Skip was a smooth and consistent driver, sensitive to small changes and able to report, in an understandable way, how an engine was running. This was helpful for fine-tuning his engines at the track.
Ultimately, Skip won the 1969 SCCA National Championship.
There is a great story about this win in the Boston Globe.
Doug Fraser Racing Engines
Autodynamics had been selling lots of cars and winning lots of races but not making much money. In 1971 they filed for bankruptcy.
I took a day job as a service writer at a Rolls Royce dealership in Boston.
At the time, Bill Alsup, a top F/F driver from Woodstock, Vermont, had two Ford engines at Autodynamics for rebuilds. He offered to pay me in advance if I’d take them home and finish them so I began building engines during evenings and weekends. This was the start of Doug Fraser Racing Engines.
In the meantime, Skip Barber had started the 1970 season with a free ride from Techno and engines from Holman-Moody. However, the engines didn’t work well.
Holman-Moody was the builder of some of the world’s best large displacement engines, but they hadn’t yet mastered the painstaking techniques for extracting those last few horses from a small engine, and Skip couldn’t wait. So, he hired me away from my service writer job (I wouldn’t have lasted there much longer anyway), borrowed the engine dyno from Ray Caldwell, and set me up in a garage complex in Brookline, Massachusetts.
The F/F field was getting much larger, several new engine builders had entered the scene, and it was becoming a serious industry.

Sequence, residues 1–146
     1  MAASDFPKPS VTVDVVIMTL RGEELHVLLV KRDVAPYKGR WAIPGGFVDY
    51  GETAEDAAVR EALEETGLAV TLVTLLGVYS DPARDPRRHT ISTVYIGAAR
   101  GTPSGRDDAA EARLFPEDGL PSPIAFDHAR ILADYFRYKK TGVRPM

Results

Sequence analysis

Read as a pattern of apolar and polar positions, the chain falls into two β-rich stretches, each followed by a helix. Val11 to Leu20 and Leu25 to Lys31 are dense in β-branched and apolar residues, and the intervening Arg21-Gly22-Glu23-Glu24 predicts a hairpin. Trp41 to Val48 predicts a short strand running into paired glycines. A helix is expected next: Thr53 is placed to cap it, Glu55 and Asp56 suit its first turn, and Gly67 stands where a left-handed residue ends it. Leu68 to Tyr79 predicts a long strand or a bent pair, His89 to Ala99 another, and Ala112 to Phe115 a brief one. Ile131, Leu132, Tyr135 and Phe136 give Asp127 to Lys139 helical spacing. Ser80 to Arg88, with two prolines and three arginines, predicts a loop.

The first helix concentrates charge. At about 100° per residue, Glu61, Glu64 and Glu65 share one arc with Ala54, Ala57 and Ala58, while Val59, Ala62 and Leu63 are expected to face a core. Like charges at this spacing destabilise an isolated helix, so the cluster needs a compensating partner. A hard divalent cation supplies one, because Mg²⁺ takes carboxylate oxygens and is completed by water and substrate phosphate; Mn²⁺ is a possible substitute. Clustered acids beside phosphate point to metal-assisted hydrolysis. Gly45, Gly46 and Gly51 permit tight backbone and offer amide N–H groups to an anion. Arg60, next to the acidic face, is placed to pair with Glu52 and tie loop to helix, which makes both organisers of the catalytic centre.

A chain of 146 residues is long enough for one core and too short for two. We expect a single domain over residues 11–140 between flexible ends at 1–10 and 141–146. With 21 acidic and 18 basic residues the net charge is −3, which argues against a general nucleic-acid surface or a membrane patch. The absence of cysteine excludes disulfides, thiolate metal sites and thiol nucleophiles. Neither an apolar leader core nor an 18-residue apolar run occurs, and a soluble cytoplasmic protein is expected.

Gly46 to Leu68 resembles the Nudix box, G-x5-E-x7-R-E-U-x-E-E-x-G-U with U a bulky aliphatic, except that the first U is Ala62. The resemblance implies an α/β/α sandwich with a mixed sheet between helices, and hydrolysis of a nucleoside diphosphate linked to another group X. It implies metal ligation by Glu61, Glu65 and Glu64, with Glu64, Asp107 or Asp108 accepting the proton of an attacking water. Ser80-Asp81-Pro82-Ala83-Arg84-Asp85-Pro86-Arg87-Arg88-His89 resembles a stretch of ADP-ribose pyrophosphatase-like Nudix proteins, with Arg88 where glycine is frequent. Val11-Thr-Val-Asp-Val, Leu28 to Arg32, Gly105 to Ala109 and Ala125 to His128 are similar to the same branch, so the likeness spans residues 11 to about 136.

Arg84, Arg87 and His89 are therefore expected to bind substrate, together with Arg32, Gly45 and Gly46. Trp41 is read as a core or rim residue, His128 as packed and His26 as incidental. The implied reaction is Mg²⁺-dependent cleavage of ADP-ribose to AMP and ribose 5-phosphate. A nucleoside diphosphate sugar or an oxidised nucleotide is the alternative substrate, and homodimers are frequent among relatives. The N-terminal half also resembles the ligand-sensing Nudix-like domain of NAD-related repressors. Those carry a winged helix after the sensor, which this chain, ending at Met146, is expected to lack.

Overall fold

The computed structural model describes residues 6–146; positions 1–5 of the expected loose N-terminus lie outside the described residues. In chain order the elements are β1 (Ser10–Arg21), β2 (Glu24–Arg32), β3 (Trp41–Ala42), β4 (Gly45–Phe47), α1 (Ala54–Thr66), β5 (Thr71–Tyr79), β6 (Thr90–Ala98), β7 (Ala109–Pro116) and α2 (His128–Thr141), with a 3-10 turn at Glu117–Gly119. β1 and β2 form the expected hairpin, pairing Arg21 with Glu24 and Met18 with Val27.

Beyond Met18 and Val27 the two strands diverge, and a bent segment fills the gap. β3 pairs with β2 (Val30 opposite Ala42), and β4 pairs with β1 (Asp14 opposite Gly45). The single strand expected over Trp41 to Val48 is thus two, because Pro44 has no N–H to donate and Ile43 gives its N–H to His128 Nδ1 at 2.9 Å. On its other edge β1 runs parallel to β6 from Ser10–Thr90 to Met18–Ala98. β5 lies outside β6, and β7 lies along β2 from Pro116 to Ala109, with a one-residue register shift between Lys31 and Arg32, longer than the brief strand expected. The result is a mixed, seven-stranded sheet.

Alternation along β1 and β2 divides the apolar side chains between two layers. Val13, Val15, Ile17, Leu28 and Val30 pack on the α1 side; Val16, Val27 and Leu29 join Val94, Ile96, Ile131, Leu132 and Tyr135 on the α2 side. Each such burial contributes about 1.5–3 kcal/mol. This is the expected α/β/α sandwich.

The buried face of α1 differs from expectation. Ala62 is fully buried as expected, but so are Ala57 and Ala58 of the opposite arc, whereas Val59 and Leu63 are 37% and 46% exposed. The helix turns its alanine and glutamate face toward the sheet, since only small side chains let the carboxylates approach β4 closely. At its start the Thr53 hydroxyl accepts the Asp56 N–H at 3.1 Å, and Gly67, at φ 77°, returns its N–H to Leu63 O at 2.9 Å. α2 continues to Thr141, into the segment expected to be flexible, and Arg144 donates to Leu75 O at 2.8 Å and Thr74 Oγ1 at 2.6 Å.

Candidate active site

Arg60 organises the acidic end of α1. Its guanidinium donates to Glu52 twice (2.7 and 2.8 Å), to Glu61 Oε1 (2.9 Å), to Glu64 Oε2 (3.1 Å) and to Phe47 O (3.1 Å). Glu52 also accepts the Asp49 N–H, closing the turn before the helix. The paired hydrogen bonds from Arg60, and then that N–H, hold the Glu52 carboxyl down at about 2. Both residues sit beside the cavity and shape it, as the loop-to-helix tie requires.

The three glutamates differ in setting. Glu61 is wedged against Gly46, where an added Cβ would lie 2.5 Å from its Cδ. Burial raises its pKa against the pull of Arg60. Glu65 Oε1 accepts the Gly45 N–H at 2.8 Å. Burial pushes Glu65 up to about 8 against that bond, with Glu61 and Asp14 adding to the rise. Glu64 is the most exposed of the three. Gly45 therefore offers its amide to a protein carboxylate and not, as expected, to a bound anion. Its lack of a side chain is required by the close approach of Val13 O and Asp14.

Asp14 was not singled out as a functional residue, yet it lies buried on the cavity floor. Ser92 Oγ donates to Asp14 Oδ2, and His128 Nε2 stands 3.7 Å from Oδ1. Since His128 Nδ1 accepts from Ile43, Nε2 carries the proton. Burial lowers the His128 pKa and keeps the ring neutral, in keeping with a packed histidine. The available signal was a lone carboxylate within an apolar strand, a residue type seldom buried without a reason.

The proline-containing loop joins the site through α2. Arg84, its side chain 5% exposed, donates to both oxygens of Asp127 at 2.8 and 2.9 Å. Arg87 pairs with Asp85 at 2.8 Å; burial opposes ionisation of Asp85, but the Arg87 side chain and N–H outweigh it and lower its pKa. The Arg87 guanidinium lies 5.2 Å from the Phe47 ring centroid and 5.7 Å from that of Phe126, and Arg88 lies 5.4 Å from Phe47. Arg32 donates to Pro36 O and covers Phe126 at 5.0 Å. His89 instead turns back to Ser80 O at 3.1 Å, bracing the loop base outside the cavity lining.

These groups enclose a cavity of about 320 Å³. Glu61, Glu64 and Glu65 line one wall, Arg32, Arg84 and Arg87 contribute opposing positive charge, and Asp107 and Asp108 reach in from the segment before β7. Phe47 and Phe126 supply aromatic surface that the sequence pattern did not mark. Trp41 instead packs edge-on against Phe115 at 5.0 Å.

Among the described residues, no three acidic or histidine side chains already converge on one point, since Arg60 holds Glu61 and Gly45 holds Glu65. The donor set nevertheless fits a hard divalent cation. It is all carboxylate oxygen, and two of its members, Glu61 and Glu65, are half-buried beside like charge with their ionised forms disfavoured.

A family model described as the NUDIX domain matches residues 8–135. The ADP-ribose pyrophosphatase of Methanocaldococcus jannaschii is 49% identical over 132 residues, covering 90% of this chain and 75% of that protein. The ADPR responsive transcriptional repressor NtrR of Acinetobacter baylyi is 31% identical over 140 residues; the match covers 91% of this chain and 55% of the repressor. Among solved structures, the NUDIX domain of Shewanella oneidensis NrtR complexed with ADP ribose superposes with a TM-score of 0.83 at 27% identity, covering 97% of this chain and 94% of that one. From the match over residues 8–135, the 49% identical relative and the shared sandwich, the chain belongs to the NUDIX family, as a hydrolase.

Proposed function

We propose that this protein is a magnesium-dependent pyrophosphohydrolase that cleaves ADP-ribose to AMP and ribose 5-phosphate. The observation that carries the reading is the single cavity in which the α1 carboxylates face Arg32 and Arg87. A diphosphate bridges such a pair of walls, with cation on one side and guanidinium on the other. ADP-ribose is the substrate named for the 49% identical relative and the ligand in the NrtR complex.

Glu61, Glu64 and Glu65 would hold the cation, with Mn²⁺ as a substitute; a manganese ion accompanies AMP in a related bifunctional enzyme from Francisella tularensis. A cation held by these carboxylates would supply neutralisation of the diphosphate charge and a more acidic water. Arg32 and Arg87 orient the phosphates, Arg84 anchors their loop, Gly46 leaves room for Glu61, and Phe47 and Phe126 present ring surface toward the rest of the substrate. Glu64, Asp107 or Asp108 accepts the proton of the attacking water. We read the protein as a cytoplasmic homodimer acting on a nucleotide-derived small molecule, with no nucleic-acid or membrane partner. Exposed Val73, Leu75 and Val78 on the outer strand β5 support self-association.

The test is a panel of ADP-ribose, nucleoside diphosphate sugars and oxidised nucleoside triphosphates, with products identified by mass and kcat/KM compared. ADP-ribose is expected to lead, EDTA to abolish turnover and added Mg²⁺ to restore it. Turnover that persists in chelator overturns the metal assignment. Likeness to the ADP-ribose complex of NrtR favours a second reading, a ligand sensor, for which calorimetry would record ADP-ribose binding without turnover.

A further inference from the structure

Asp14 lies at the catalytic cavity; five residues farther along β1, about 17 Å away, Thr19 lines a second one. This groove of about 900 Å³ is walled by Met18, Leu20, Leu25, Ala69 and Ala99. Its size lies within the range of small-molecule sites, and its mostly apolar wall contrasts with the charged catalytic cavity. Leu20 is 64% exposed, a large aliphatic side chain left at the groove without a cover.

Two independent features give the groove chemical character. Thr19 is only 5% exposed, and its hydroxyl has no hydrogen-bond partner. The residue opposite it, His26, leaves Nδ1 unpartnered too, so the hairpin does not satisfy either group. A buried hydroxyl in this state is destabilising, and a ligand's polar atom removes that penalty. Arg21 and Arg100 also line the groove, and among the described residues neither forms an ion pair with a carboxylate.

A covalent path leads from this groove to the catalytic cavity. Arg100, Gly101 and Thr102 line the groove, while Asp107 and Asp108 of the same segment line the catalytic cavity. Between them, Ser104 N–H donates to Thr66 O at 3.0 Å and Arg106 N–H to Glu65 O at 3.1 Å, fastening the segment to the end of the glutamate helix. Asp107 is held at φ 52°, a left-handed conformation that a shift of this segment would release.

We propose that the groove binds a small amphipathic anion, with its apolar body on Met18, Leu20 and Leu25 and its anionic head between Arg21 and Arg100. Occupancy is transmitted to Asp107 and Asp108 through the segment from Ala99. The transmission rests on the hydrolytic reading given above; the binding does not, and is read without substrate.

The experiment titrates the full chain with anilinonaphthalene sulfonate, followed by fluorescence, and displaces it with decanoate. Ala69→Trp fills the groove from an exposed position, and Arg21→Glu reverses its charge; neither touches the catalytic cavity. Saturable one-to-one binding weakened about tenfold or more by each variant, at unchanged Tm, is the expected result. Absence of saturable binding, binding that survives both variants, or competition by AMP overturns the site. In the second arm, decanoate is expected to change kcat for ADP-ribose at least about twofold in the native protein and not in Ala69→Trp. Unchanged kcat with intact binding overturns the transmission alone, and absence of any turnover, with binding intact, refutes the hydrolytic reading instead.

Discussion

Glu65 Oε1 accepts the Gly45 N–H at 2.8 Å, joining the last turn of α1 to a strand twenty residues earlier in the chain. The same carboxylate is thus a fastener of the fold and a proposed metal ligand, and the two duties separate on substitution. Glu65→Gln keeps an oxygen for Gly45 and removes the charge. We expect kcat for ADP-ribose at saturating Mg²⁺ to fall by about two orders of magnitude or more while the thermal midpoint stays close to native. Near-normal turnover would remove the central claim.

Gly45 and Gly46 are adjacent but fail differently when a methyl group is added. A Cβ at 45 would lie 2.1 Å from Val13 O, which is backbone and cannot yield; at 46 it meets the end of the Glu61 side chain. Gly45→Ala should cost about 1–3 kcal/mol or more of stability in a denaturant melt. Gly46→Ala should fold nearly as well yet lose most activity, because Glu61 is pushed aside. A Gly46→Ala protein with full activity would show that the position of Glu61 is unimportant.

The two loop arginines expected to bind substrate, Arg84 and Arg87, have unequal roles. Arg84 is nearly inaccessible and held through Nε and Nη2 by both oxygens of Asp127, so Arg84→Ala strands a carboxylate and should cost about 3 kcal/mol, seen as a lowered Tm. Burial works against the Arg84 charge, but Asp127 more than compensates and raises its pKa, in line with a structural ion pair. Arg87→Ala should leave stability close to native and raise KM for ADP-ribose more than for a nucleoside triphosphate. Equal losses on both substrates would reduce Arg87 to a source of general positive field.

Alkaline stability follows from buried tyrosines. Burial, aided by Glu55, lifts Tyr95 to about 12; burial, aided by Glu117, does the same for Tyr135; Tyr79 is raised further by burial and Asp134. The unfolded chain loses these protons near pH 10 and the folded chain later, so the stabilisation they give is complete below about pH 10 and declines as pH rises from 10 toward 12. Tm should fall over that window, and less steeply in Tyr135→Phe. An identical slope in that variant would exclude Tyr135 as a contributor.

I realized that the old two-hand, two-eyeball method wasn’t going to suffice any more, so I drew on some of the nerd-skills I’d learned as a lab technician, and instrumented the dyno. It was primitive but worked. I used a surplus Leeds & Northrup X-Y plotter that weighed about 150 lb., a torque transducer, and an RPM pickup.
Now I could run a baseline test, make a change, and run a second test, while plotting right on top of the previous line. It became obvious when something did or did not work.
(This is one of the plots from Skip’s 1970 engine)
One of my more clever tweaks was machining the timing cover to fit a paint can lid and slotting the timing gear. This allowed me to make cam timing changes in a matter of minutes so that other factors (engine temp. etc.) were less likely to affect the test.
Once again, Skip Barber won the SCCA F/F National Championship. (He also won the Formula B National Championship that year.)
DFRE Gets Serious
Business was picking up, forcing me to move out of my basement. I found an excellent location on Beringer Way in Marblehead.
I purchased the Stuska water brake dynamometer from Autodynamics, and outfitted the shop with a crankshaft balancer, magnaflux equipment, air flow bench and other necessary equipment. Then we produced a catalog:
DFRE Gets Not-so Serious
Autodynamics reorganized under Chapter 11 and got back to building Formula Fords as well as a new Formula Vee, the D-13.